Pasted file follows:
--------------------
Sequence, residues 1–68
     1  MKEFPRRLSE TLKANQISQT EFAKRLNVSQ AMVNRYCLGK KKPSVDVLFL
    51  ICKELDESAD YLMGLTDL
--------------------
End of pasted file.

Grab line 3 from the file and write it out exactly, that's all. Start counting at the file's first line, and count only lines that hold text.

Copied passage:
    51  ICKELDESAD YLMGLTDL